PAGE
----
Stephen gives us the scoop on his Business Operations and Development internship with Toddl.co in Barcelona. Toddl.co is an app that helps parents discover and book activities for their kids. Find out more about his experience and the advice he gives for future interns.
Hello and welcome to the 7th installment of my Barcelona blogs. Things are finally heating up as we get closer to May, and I am not ready for this to end.
Caption: The people of Barcelona are certainly ready for the summer sun to return.
But, as they say, all good things must come to an end, and if you think about it, one thing ending is really the beginning of something new. That being said, I have no time to think about counting the days left because there’s still so much to do! Sadly, I won’t make it to Madrid to see Francisco Goya’s Guernica this semester, so a return visit to this beautiful country is inevitable at this point—bittersweet, if you will.
Caption: My roommate took this for me in our first few days in Barcelona. How the time has flown.
As we wind down to the end of the program, one of the things I’ll miss is my global internship with Toddl.co. As a Business Operations & Development Intern, I was tasked with researching the contact details of childcare companies to expand the Toddl.co online marketplace and creating listings for the camps and activities that would appear on the app. For a while, I felt like a cog in the machine doing this work, but my site supervisor helped me realize the importance behind what I was doing in conversations we had. She showed me the important metrics that need to be monitored to keep a startup going: the key performance indicators (KPIs), and how without the listings I was making the business would stall. I learned the key to running a successful business is never stopping the forward progress. There may be days when you could do nothing, but if you still do something to move your business forward it will be better in the long run. I’m proud to have helped such motivated business owners as they try to disrupt and modernize the childcare industry.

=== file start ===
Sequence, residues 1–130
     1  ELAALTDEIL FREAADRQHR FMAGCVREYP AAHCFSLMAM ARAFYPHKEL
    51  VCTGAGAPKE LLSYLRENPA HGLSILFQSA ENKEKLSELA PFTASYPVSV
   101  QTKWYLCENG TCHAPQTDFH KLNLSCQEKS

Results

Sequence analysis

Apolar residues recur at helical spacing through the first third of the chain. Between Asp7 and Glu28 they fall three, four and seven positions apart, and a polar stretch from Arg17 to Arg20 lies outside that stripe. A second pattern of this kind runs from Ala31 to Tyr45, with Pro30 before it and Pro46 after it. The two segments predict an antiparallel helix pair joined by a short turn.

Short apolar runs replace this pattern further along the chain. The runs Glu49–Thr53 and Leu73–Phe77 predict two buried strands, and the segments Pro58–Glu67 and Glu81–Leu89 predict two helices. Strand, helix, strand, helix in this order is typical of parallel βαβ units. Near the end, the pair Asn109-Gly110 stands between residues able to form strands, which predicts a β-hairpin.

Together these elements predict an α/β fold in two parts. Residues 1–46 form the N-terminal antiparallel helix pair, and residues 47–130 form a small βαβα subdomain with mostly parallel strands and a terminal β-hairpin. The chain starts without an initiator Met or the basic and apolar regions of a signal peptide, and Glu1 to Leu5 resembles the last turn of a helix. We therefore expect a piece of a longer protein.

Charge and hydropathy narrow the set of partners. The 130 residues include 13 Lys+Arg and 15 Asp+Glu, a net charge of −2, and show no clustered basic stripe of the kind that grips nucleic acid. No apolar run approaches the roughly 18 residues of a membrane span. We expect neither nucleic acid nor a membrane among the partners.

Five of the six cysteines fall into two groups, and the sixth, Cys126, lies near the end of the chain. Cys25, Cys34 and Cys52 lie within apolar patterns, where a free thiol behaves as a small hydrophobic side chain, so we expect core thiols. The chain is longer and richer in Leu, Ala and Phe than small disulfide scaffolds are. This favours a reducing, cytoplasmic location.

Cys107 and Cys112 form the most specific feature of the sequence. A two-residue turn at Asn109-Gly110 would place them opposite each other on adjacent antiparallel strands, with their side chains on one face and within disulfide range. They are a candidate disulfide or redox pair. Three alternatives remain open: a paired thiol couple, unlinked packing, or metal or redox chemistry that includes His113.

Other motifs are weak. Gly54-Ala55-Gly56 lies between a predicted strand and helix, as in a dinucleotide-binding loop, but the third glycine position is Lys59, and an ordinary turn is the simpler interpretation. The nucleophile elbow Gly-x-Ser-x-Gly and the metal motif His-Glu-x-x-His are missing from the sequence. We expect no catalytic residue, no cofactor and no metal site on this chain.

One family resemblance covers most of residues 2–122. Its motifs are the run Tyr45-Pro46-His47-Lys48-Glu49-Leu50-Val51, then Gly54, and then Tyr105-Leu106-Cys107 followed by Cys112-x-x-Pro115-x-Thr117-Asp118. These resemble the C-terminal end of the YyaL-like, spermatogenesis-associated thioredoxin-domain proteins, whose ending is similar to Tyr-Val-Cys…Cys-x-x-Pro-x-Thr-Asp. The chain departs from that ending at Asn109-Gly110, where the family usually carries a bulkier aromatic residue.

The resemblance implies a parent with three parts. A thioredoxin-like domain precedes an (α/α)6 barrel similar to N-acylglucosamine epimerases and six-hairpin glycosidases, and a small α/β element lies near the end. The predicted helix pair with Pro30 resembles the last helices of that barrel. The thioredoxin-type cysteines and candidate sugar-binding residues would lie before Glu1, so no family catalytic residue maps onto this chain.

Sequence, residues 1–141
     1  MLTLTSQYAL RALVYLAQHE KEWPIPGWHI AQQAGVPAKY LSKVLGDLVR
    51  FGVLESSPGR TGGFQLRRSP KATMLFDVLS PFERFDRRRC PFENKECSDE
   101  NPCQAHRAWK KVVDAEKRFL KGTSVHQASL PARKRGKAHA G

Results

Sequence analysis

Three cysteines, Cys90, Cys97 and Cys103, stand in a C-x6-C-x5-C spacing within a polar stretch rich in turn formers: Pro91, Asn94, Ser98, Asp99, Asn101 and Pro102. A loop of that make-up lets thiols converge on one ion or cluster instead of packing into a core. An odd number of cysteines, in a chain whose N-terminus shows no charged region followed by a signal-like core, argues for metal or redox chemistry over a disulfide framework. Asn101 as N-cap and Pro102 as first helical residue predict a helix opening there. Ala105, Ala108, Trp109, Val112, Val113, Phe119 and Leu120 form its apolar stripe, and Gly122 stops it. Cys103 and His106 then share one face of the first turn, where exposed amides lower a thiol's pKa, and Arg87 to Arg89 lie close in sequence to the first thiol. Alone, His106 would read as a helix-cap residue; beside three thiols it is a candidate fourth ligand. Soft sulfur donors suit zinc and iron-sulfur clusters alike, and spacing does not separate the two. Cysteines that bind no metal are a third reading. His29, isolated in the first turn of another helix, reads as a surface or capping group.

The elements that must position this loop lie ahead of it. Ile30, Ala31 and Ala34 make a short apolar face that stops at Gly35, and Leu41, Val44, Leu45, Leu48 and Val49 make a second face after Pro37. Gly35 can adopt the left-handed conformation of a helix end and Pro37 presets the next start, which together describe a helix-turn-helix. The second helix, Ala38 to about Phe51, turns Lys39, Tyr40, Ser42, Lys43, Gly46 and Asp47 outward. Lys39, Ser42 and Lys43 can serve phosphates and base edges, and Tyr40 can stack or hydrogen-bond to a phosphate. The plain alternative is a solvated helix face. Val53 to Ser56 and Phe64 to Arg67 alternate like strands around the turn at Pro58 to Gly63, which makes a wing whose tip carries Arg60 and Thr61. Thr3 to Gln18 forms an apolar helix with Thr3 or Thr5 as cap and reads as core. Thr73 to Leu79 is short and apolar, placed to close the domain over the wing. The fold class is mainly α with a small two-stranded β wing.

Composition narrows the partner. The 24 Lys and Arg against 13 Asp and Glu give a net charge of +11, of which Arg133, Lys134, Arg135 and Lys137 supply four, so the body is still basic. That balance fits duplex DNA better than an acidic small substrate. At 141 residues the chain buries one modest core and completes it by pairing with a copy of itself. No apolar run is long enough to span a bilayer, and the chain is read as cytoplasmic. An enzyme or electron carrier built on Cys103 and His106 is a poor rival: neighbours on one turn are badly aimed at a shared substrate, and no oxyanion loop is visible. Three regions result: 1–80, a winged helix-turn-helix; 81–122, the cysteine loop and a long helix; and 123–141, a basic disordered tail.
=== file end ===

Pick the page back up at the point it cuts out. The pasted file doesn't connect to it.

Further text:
At Toddl, my average week consisted of one 4-hour day and two 8-hour days, making up the 20 hours required per week for the CAPA internship program. On Monday or Thursday, I would leave class around 3 in the afternoon, grab a quick lunch and settle down somewhere to get to work. Some of my favorite cafes I worked in were the Godot Cafe in the Gracia neighborhood and Bristol Cafe, which was down the street from my first apartment in Eixample. Often, I would get something to make at home from Mercadona and work while my lunch was in the oven to have more time in the evening.
Caption: A surprisingly tasty snack from La Boqueria was the sea urchin. It looked scary, but I had to try it while I had the opportunity.
In a typical 4-hour time block I’d get 2-10 listings done, depending on how much digging I had to do to get all the information needed to put it up on the app. This is exactly the point of Toddl: so many companies’ information is scattered and inconsistent, and busy parents don’t have time to do that digging around. It’s better that we did the digging and created a streamlined process for the parents to choose the right camp or activity for their children, making it hassle-free.
On Tuesdays and Wednesdays I didn’t have class, so I’d get started around 8-9 am, work 4 hours, take an hour and a half for lunch, and then finish up between 5 and 6 pm. These days, I definitely tried to get out of the apartment to get work done, although sometimes I would use the last half hour of my lunch to unwind by shooting around at the court a couple minutes away from my second apartment (disclaimer for new readers: it is incredibly unlikely that you will be moved during your program, there was unexpected construction work in my first building, so CAPA had to move us a to a new apartment).